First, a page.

skip to primary navigationskip to content
 

Peter Lockwood

Fieldwork in central Kenya

Beyond the tranquil northern suburbs of Nairobi lies the peri-urban sprawl of southern Kiambu County – a criss-crossing network of towns punctuating the geography of smallholder farms and enormous tea plantations that cascade across the hills in the direction of Mount Kenya. These urbanising areas are predominantly home to members of the Kikuyu ethnic group alongside an increasing influx of outsiders drawn to the town by the promise of cash wages. In an urbanising “Kikuyuland”, this research explores the change an “approaching” Nairobi is understood to bring, together with the moral projects that are pursued by householders and their younger generations within this milieu. 

 

Rising land value, for instance, has stoked debate about the right way to make one's way in life. Those that sell their land for large sums of cash are thought to break the link with their ancestors, often risking the wrath of curses (irumi) laid down by their forebears that their land should never be sold. Meanwhile, moral anxiety coalesces around the state of “the youth” who have apparently been drawn in by the habits of “town life”. Alongside those who are vilified for “idling” in towns, others purposefully eschew the temptations of short-term “fun” (raha) afforded by alcohol and cannabis in order to pursue their talent playing football.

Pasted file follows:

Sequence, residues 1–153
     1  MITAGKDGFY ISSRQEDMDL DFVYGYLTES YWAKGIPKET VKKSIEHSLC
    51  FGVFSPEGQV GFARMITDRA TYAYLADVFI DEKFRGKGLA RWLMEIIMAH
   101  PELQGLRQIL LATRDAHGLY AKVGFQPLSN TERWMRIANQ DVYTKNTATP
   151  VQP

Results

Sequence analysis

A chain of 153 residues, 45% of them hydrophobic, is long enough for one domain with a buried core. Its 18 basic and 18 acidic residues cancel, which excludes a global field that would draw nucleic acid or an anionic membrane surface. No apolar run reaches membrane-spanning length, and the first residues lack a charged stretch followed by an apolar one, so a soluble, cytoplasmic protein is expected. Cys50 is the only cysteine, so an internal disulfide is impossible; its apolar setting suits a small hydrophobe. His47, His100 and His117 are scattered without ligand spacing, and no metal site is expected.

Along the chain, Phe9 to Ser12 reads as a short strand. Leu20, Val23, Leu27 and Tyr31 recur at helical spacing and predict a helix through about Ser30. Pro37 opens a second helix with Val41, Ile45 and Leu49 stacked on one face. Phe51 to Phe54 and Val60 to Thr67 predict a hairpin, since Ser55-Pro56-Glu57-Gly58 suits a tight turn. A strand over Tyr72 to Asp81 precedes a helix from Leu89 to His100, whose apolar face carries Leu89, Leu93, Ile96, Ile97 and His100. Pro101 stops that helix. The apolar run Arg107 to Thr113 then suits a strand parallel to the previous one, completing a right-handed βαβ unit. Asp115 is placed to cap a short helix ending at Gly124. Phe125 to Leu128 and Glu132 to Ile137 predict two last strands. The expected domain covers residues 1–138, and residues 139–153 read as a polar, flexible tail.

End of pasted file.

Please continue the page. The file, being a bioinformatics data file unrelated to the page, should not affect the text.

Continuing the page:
Image 1PL scaled A3   Image1 Lockwood

A coalition of friends (mandugu), the Sky Boyz football team reflects an ongoing attempt to cultivate experiences of joy, wonder and achievement against the backdrop of manual labour or outright joblessness. “Job first, then ball”, is how it goes. Here player-coach Wanji makes a half-time team-talk to his players. Their kit is notably that of German Bundesliga club Borussia Dortmund.

 

 

 

 

 

 

Image 2PL scaledA4   Image2 Lockwood

Neighbourhood men gather to dig the grave (kwenja irima) of the recently deceased – a sometimes rare expression of neighbourhood solidarity. Being interred in one's farmland epitomises the autochthonous relationship conservative Kikuyu opinion says one ought to have with the land. “Just so” stories circulate describing those who sell their land as falling into poverty and destitution.

 

 

 

 

 

 

Image 3PL scaled A4   Image3 Lockwood

Throughout 2017, Kenya's elections and associated campaigns featured prominently in peri-urban life. More or less every vertical surface was covered with posters of then Kiambu Governor William Kabogo who lost his seat due in part to “rumours” (mũhahĩ